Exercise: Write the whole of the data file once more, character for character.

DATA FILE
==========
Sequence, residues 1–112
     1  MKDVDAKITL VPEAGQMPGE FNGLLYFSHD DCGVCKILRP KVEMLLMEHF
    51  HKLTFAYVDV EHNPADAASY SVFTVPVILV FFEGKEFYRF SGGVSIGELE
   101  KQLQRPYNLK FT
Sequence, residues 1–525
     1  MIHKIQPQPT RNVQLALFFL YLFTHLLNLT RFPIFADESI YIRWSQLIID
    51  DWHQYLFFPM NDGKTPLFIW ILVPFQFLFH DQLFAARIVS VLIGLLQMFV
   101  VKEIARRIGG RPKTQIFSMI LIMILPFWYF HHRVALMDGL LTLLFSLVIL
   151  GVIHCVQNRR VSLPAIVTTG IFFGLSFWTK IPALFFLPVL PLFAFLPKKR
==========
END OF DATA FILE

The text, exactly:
Sequence, residues 1–112
     1  MKDVDAKITL VPEAGQMPGE FNGLLYFSHD DCGVCKILRP KVEMLLMEHF
    51  HKLTFAYVDV EHNPADAASY SVFTVPVILV FFEGKEFYRF SGGVSIGELE
   101  KQLQRPYNLK FT
Sequence, residues 1–525
     1  MIHKIQPQPT RNVQLALFFL YLFTHLLNLT RFPIFADESI YIRWSQLIID
    51  DWHQYLFFPM NDGKTPLFIW ILVPFQFLFH DQLFAARIVS VLIGLLQMFV
   101  VKEIARRIGG RPKTQIFSMI LIMILPFWYF HHRVALMDGL LTLLFSLVIL
   151  GVIHCVQNRR VSLPAIVTTG IFFGLSFWTK IPALFFLPVL PLFAFLPKKR